In fact, in all likelihood this will wind up being something of a transitional year for the club. Last year was the end of an impressive era, and this year bridges the gap between the past and the future. Eventually Rip Hamilton (and maybe even Tayshaun Prince) will need to be traded to free up minutes for future assets (like rookie Austin Daye) and in order to try and get some legit talent to help lead this disparate assemblage of talent back to the upper-reaches of the Conference. The amount of time it takes for Dumars and his crew to accept that reality will determine the amount of time it takes for the Pistons to start moving unfettered towards whatever their future might be. Right now they have one foot in the past and it's hard to see how that's going to work given the philosophical shift at hand with this summer's moves.

It's so hard to pin down exactly what is happening with the Detroit Pistons. They have some talent, no doubt about it, but it's hard to see how it all fits together. It's very unlikely that this roster makes it through the whole season unchanged, though, considering all of the awkwardly assembled parts, so it may well turn out that this entire preview is rendered moot before the season really kicks into gear.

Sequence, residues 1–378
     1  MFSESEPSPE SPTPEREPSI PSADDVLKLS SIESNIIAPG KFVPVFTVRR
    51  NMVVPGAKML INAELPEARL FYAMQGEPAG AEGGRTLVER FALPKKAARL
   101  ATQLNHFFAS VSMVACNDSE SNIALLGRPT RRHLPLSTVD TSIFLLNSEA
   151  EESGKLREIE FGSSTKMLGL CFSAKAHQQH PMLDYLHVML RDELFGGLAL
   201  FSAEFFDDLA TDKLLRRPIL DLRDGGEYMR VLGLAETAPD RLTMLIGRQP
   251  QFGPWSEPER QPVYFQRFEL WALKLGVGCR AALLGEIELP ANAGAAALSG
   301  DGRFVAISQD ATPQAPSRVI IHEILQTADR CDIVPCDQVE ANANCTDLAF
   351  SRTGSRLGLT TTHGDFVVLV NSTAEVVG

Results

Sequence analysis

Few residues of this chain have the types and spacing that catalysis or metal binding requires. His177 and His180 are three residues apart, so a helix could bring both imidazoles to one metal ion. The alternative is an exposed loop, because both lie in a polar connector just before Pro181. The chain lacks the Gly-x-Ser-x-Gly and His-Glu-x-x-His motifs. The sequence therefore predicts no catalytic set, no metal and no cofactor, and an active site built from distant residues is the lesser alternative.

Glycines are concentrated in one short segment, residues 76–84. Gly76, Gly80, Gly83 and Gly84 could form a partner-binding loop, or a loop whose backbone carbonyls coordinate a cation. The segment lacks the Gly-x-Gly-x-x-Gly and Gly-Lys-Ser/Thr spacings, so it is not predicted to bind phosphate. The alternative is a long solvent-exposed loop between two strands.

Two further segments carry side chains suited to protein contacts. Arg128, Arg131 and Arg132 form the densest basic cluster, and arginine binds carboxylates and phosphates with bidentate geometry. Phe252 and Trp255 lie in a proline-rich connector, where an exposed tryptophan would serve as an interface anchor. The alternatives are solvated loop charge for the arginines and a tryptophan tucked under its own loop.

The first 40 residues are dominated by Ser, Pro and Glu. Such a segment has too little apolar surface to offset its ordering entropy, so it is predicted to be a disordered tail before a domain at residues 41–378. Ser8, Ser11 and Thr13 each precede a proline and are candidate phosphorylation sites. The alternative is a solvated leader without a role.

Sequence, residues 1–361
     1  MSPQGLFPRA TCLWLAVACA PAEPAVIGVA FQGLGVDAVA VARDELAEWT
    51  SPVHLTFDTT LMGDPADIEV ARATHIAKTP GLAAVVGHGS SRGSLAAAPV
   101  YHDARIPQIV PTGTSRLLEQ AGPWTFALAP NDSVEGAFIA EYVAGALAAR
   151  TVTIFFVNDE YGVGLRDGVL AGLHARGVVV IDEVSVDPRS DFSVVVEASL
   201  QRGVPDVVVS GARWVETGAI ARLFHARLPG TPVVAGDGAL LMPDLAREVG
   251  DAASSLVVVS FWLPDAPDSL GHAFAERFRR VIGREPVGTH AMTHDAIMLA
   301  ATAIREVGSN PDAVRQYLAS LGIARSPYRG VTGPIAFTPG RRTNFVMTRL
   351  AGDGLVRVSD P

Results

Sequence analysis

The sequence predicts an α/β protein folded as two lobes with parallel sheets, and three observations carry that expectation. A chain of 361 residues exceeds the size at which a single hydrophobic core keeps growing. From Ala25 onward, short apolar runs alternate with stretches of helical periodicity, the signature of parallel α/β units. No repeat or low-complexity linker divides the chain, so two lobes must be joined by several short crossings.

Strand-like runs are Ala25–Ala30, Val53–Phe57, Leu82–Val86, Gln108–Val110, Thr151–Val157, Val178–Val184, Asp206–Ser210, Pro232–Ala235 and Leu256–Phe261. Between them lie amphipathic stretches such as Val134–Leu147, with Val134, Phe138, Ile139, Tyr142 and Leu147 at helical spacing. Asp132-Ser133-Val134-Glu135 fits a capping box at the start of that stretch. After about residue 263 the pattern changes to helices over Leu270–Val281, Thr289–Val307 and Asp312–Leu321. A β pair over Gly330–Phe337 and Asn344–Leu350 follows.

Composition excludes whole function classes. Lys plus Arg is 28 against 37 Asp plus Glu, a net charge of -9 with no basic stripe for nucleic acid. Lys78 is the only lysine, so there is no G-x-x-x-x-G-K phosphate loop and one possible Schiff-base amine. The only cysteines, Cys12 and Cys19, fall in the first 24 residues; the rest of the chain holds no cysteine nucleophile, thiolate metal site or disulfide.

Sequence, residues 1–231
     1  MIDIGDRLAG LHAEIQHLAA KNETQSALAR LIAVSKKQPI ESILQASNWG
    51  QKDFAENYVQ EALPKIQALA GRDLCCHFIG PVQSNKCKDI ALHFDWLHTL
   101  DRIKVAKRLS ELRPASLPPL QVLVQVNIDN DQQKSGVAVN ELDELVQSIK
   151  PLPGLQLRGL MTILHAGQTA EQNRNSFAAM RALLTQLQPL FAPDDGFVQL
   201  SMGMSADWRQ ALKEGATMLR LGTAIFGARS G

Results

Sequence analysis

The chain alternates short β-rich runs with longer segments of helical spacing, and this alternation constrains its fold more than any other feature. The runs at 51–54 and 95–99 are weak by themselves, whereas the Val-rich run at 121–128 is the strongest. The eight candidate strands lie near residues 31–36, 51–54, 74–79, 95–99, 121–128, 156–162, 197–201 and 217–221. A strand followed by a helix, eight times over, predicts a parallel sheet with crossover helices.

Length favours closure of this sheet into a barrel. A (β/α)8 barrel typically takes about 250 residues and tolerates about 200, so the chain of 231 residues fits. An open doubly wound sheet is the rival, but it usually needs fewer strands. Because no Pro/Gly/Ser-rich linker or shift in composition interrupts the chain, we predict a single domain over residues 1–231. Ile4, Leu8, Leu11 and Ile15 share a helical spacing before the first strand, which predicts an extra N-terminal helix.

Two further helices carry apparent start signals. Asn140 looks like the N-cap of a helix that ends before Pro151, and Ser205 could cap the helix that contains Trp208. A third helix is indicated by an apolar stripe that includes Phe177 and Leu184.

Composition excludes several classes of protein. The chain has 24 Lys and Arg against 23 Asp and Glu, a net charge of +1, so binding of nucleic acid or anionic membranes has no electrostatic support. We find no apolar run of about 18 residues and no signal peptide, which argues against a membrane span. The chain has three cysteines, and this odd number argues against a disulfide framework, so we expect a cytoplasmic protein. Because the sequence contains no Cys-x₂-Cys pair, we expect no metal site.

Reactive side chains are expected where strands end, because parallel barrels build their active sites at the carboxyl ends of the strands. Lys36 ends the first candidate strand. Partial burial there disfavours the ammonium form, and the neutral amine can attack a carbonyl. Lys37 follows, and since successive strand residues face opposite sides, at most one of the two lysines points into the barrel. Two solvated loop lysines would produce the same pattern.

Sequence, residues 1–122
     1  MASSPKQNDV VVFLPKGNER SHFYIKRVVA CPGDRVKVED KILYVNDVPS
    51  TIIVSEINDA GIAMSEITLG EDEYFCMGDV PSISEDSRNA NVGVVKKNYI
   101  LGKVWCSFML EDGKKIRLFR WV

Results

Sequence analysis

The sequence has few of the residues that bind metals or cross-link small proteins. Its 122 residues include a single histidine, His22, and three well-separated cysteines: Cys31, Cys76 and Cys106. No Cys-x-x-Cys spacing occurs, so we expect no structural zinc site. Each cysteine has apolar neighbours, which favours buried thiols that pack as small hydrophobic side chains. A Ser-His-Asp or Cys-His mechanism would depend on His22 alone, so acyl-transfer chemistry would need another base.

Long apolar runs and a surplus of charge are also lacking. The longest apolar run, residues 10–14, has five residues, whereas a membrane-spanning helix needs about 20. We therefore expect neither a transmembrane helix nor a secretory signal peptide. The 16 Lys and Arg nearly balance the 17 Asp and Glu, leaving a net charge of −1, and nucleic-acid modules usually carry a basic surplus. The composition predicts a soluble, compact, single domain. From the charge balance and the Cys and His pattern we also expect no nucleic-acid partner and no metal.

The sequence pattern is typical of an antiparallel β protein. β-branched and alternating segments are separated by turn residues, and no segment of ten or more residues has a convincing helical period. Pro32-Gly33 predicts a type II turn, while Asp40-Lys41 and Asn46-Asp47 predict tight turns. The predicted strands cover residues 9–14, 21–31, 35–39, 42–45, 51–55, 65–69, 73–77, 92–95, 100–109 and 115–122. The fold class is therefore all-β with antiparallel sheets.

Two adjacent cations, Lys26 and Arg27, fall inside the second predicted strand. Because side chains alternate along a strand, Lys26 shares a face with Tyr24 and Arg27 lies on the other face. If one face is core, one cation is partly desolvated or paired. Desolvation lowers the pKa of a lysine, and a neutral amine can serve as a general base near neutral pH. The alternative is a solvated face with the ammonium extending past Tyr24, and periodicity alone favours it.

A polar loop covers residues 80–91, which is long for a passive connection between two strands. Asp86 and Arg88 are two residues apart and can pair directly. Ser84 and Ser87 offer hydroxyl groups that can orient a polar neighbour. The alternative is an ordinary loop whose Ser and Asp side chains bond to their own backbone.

Last year was supposed to be Stuckey's breakout. He was handed the reigns to the team within days of the season starting and yet by season's end he had some Pistons faithful calling for Will Bynum, a former third-string point guard, to start after an electrifying end to the season (including a Pistons-record 26 fourth-quarter points against the Bobcats). Stuckey has proven that he's not a true point guard, which is okay in and of itself, but he doesn't make up for it by being much of a scorer either, averaging just 15 ppg last season on awful 39% shooting. If he wants to keep his "point guard of the future" moniker alive in Detroit he's going to have to work harder this season to justify it to an increasingly skeptical fan base.

Let's be honest; how long can Hamilton possibly retain this spot? No matter how effusively the Pistons are saying that he and Gordon can co-exist at one spot, there is no way after all of the locker room tension a year ago with Iverson that they'll be looking to keep this tandem together long term. In all likelihood they are trying to keep their bargaining position strong with regards to Hamilton trades, though with cap space at a premium a team would have to really feel he could make a difference to pull the trigger on a deal for him.